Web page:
The Pearlfishers, firmly rooted in the classic tradition of three minute cinematics as pioneered by Webb, McCartney and, recently Rufus Wainwright, reach a great finale with the album’s closing songs: “Blue Riders On The Range”, a sparkling widescreen epic (sounding like Marvin & Diana doing “RAM”) and the gorgeous, pastoral “I Just See The Rainbow” which ends the album on an optimistic note. “And call me cock-eyed if you will, but I don’t see that dark hill, I just see the rainbow…”. The only way is UP!

Check out for further details and soundfiles.

The album gets a worldwide release on September 28, 2007. CD and download.

The Umbrellas Of Shibuya (MA 70) is also available as a 7” on white wax. It features the exclusive track “Clumsy” and is way limited – better be quick, folks!

More details:

Get your copies now via Marina Mailorder!

Buy Up With The Larks

Buy The Umbrellas Of Shibuya


The music of David Scott and The Pearlfishers was recently celebrated in an one hour special on BBC Radio Scotland.

You can listen to it here: you/pearlfishers.mp3



Disco, Funk & Philly Anthems From Germany 1975-1980


Welcome to Teutonic boogie wonderland, fellow disco citizens. DISCO DEUTSCHLAND DISCO presents 18 sparkling Disco, Funk & Philly anthems from Germany – recorded between 1975 and 1980. While never appreciated by rock critics, Disco is actually one of the few musical genres where German productions had a huge international impact and heavily influenced American and British recordings. It’s finally time to get this documented and appreciated. Shying away from the obvious hits, DISCO DEUTSCHLAND DISCO digs a bit deeper – with many tracks appearing on CD for the first time. So put on your platform shoes and boogie down to 100% fat-free dancefloor euphoria from Germany! Burn Baby Burn...

Su Kramer kickstarts our party of German glitterball grooves with the anthemic “You’ve Got The Power” from 1976, a big favourite of Germany’s gay community and previously only available on 7”. The song was written by Joachim Heider & Christian Heilburg, the German equivalent of Phillysoul godfathers Gamble & Huff during the mid-70s. The powerhouse songwriting team is also responsible for Marianne Rosenberg’s superb Philly-infused “Wieder Zusammen” (and her smash hits “Marleen”, “Ich Bin Wie Du” etc). Pure mirrorball magic. Mr Heider makes yet an another stunning appearance under his alter ego Alfie Khan Sound Orchestra with the terrific “Illegal Toys”, featuring a proto-house riff ripe for sampling. Are you listening, David Morales?!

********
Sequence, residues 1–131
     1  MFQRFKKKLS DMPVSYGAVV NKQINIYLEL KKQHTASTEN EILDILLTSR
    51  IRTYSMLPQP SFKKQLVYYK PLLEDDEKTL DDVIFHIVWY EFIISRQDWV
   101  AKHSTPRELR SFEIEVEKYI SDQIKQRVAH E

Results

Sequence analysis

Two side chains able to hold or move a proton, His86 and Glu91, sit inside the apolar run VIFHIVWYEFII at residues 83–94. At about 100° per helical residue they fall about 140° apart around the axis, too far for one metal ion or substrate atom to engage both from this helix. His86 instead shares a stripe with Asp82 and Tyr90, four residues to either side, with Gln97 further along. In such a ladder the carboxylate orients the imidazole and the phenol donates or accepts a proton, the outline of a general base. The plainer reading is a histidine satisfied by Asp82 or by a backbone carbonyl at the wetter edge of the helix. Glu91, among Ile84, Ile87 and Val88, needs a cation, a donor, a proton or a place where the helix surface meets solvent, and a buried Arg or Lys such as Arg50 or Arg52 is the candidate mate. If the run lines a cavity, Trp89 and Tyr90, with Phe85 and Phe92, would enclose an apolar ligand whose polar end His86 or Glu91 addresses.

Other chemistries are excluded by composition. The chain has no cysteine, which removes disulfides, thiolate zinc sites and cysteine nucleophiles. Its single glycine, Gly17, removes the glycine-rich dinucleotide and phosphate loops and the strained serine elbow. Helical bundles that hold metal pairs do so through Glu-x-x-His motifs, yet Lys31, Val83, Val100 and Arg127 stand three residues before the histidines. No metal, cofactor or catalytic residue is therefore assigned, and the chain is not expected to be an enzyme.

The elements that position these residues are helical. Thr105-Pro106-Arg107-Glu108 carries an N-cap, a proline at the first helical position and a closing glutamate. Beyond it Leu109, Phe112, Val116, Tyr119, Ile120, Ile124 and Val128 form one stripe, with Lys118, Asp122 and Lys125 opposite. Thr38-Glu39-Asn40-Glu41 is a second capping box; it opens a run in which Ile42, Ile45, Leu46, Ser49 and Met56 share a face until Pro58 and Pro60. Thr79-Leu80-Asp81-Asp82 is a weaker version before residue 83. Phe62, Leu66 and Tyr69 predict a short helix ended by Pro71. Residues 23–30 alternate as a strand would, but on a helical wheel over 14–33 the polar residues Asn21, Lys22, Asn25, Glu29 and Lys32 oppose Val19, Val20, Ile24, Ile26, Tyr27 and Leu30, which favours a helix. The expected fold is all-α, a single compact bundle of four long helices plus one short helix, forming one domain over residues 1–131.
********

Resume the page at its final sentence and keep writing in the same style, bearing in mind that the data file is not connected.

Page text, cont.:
Another main architect of German Disco and “The Sound Of Munich” was Giorgio Moroder, the man behind Donna Summer’s worldwide mega hits (“I Feel Love”, “Love To Love You Baby” etc). Munich Machine was his studio band that played on countless German disco recordings. “Get On The Funk Train” is Moroder in excelsis – featuring all the trademarks of his groundbreaking productions that still sound contemporary today. The band is held in high esteem to this day. International gigolo DJ Hell even named one of his albums after them.

The most successful German disco confection was without a doubt Munich’s Silver Convention. With “Fly Robin Fly” they hit the No.1 spot in the US charts and won a Grammy award, an unheard-of achievement for a German act. The high-octane “Love In A Sleeper” is a long-lost nugget from 1978. Supermax (with the orgasmic one-hit wonder “Lovemachine”) and Amanda Lear followed closely in their footsteps, both managing to hit the charts all over the world. Make sure to check out Amanda Lear’s superb lyrics for “Fashion Pack (Studio 54)” – perfectly capturing the hedonism and glitz of coke-fueled disco nightlife.

Even some old school cats turned on the disco fever during the 70s. Bandleader Ambros Seelos delivers the white-hot, metallic “Gimmi More”, featuring early traces of German Electro. Soundtrack legend Peter Thomas smokes his way through super-funky “Opium”, an irresistible disco monster from start to finish. James Last scores with “Can’t Move No Mountains”, a great slice of jazzy disco recorded in Los Angeles. And even easy listening god Berry Lipman went disco once. His steamy “Sex World” is the rare title theme of an x-rated porn flick. Speaking of disco soundtracks: The most obscure entry on this compilation is by none other than Schlager star Christian Anders. Though best known for schmaltzy ballads, he also composed the score to martial arts b-movie “Die Brut Des Bösen” (US title: “Roots Of Evil”). His “Running Away” is a killer funk workout with a bad-ass guitar part and a dead-on groove – he also had the good grace not to sing over it...

Check out for the complete tracklist, further details and soundfiles. Read the full track-by-track notes here.

Available now on CD and double vinyl. The 2-LP vinyl edition comes on delicious white wax!

Get your copy now via Marina Mailorder!